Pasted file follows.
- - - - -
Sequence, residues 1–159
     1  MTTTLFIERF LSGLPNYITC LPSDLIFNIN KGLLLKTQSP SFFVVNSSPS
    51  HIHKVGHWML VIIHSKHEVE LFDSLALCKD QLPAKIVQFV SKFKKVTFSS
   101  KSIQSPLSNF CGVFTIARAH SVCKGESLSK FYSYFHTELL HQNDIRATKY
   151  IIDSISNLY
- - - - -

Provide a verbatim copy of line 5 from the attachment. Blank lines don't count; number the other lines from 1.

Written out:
   151  IIDSISNLY